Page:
Scareware has gone mobile: Users of Android devices are starting to see sleazy ads warning that they need to upgrade their device’s battery. The supposed battery-saver apps that those ads prod you to download, however, could endanger your privacy or siphon money from your wallet–and generally they’ll do nothing to improve your gadget’s battery life, security experts say.

battery-ad-5227090In some cases you don’t even need to agree to download the apps. For example, PCWorld spotted one ad on an Android phone for a battery utility called Battery Upgrade. Tapping the ad–even by accident–launches the phone’s Web browser, which automatically initiates the download of the app’s installer file on the Android device.

“These ads cross a line,” says Andrew Brandt, director of threat research for Solera Networks. It’s one thing to market a worthless battery app, he says, but another to scare or trick people into installing a program they don’t need.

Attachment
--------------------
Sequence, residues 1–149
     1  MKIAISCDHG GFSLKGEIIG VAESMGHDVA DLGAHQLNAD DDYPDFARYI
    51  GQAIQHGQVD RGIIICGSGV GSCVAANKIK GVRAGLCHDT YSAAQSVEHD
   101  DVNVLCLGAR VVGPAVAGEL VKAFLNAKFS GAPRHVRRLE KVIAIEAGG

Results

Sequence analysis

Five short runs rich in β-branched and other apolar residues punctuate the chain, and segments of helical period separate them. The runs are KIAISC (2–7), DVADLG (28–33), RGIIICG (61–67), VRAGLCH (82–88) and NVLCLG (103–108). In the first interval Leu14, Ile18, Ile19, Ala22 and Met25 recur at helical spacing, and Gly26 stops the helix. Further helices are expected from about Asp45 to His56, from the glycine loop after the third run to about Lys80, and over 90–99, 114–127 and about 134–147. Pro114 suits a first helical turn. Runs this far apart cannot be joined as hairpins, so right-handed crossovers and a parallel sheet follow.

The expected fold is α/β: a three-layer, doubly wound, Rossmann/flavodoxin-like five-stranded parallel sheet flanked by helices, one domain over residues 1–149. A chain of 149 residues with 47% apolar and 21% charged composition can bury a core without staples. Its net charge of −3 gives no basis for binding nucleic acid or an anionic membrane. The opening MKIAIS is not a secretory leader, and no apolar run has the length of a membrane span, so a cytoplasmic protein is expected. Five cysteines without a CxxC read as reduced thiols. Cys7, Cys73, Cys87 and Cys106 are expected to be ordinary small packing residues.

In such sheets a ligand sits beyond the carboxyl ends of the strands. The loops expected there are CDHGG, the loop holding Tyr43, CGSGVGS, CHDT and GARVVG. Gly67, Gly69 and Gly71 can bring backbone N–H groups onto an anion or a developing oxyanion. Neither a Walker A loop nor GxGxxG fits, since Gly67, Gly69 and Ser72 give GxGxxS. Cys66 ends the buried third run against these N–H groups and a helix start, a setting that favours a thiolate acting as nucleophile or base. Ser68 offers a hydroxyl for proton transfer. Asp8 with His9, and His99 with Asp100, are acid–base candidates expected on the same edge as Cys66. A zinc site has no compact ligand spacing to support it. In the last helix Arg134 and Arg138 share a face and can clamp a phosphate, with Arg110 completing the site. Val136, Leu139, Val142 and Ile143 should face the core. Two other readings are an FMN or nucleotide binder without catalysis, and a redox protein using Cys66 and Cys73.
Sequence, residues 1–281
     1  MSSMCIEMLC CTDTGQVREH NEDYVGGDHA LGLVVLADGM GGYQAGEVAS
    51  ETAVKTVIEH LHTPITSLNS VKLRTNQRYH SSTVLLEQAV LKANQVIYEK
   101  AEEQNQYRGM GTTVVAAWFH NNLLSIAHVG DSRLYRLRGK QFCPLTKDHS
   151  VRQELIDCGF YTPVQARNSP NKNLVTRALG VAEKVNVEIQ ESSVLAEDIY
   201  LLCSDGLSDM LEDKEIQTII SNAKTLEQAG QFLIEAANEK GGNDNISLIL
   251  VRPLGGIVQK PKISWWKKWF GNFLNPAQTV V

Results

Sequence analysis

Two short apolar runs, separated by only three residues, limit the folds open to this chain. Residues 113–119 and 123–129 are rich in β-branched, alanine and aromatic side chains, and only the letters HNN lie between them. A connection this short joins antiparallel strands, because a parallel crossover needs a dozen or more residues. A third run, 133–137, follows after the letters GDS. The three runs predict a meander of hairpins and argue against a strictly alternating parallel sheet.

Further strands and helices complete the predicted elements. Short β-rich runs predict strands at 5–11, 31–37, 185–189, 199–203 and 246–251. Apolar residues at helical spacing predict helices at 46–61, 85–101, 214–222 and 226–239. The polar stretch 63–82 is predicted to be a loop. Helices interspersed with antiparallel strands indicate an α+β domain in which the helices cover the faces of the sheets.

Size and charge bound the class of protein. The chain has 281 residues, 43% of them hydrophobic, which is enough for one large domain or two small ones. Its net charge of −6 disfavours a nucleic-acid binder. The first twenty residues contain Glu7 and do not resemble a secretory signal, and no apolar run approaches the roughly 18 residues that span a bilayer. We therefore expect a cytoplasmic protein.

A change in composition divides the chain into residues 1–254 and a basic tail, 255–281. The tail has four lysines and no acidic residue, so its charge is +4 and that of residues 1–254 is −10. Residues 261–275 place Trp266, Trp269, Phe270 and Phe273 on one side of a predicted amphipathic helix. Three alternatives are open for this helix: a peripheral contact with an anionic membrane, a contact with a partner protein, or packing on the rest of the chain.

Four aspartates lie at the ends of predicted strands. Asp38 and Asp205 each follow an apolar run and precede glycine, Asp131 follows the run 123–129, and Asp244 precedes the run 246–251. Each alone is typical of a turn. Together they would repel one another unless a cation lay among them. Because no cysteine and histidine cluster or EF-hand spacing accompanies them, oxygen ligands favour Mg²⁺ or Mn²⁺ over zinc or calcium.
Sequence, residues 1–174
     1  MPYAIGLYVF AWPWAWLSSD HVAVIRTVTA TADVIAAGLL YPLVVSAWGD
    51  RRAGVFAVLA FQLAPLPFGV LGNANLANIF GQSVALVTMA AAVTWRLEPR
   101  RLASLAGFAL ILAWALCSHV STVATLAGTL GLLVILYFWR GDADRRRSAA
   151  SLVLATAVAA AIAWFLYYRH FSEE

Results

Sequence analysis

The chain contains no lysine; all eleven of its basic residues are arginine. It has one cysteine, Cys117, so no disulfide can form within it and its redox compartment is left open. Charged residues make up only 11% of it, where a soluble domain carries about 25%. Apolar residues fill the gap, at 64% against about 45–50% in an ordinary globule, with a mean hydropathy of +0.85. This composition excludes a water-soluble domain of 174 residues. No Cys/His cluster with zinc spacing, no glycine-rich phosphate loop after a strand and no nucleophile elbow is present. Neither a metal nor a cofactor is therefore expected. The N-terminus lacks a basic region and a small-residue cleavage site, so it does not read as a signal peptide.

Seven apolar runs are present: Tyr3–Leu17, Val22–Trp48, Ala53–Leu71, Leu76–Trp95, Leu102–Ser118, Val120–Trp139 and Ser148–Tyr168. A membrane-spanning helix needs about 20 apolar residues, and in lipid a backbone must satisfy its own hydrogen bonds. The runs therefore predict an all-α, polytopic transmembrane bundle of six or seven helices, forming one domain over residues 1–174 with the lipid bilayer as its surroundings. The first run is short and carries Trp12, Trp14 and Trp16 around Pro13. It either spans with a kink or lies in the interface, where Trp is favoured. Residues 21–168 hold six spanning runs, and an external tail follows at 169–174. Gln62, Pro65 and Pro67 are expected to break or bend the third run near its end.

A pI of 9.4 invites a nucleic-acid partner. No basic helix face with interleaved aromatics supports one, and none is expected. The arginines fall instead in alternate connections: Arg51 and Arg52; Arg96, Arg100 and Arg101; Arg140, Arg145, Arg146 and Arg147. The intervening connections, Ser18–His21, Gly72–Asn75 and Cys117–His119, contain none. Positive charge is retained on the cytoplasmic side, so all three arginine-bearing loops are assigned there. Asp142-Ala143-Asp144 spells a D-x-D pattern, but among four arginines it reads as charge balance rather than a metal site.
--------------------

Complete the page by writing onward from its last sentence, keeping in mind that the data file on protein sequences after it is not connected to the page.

The ads are similar to scareware marketing tactics that have appeared on PCs: Such ads pop up on desktops or laptops, warning that your computer is infected and advising you to download a program to fix the problem. In many cases those rogue system utilities and antivirus products are merely disguises for software that spies on users.

Why use battery ads as a ploy? They tap into a common anxiety, Brandt says. Phone users aren’t yet concerned about viruses on their phones, but they are worried about their battery being sucked dry.

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